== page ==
University Master's Degree in Anthropology: Advanced Research and Social Intervention

Training in research, qualitative methodologies applied to the social sciences, and transcultural comparisons focused on social interventions within contexts of cultural diversity, the environment and health.

Admission Official Master's Degree in Anthropology: Advanced Research and Social Intervention


Access to this master's degree is open to holders of an official bachelor's degree from a Spanish university or from another higher education institution within or outside the European Higher Education Area, provided this gives access to postgraduate studies in the country of issue.

Admission requirements

Admission requirements are as follows:
Bachelor's degree or equivalent qualification in Social and Cultural Anthropology or in Ethnology. .
Students from other disciplines or with insufficient prior training in Anthropology will be offered bridging courses.

Selection criteria

If the number of applications exceeds the places available, these will be allocated according to the following criteria:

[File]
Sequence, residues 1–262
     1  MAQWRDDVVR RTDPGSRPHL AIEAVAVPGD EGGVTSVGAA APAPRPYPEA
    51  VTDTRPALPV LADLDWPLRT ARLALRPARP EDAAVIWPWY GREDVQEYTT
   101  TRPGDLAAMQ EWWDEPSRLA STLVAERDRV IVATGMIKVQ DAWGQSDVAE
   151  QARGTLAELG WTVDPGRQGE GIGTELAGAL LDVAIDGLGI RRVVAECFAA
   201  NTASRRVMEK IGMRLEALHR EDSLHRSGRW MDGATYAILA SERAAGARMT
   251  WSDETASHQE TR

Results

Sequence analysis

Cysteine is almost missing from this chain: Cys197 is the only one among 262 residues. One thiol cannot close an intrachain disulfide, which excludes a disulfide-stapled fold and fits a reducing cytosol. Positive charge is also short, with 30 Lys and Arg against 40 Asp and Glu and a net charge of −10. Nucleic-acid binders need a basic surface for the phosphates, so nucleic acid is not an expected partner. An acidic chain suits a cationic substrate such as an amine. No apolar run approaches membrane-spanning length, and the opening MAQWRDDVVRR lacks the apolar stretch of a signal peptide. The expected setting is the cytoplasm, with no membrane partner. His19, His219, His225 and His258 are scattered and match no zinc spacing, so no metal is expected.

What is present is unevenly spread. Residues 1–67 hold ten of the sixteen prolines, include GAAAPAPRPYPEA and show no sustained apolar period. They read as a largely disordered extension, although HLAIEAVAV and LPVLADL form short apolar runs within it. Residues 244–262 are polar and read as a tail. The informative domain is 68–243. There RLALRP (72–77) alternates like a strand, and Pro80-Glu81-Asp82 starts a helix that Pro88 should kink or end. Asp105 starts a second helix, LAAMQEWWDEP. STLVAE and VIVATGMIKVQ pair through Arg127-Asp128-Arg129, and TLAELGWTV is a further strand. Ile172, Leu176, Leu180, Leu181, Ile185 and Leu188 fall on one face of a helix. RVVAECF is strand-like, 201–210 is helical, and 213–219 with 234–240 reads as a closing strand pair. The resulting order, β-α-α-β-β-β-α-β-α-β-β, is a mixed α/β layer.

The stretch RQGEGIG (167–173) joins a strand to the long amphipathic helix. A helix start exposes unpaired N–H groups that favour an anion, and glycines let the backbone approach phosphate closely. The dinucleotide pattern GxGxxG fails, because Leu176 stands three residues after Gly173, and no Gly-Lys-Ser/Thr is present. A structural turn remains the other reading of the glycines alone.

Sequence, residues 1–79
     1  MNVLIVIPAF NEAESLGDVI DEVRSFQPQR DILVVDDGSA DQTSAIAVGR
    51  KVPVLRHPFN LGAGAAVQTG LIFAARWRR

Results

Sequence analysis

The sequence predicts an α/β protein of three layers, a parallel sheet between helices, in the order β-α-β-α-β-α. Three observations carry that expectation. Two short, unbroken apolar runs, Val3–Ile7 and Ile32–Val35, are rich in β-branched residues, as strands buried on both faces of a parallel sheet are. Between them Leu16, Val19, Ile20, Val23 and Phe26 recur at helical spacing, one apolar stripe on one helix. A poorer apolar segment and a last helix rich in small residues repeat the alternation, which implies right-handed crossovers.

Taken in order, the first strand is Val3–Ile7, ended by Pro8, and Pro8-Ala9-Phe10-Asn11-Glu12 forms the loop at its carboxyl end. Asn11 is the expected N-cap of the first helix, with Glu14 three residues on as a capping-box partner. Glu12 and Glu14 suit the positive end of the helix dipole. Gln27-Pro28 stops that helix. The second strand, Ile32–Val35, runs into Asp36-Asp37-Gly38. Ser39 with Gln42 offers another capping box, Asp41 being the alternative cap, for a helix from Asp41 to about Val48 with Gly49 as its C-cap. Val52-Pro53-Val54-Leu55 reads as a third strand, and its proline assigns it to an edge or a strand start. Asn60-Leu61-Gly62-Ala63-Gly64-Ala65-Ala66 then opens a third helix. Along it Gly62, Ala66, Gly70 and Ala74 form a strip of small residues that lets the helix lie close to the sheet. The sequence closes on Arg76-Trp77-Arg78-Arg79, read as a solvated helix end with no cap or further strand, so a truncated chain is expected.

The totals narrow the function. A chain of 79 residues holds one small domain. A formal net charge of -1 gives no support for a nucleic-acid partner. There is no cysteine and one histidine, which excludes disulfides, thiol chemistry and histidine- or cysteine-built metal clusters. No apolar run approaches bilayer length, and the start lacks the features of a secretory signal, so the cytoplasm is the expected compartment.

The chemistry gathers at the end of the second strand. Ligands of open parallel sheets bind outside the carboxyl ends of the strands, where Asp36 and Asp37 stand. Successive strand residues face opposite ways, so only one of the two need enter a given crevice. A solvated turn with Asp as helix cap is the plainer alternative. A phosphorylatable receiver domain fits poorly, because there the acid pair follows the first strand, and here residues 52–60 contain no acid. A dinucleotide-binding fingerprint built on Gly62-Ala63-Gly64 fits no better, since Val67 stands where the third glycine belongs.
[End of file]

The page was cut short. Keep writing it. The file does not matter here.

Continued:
• Curriculum Vitae. Special attention will be given to training in Social and Cultural Anthropology, Ethnology, or equivalent. 30%.
  • Academic transcript and grade point average. 40%.
  • A cover letter explaining candidate's interests and projects. 20%.
  • Certified knowledge of English equivalent to Level B1 of the Common European Framework of Reference for Languages. 10%.
If necessary, an interview with the master's coordinator.

Complementary training

Newly-arrived UAB students with a background in another discipline and insufficient previous knowledge of anthropology are offered bridging courses (6 ECTS credits, 40 hours, on site), which are taught by lecturers from the master's degree programme before classes begin, in the second half of September. The content is that of the following course within the bachelor's degree in Social and Cultural Anthropology:

  • 101278 Basic Concepts. Anthropological Perspectives on Difference and Inequality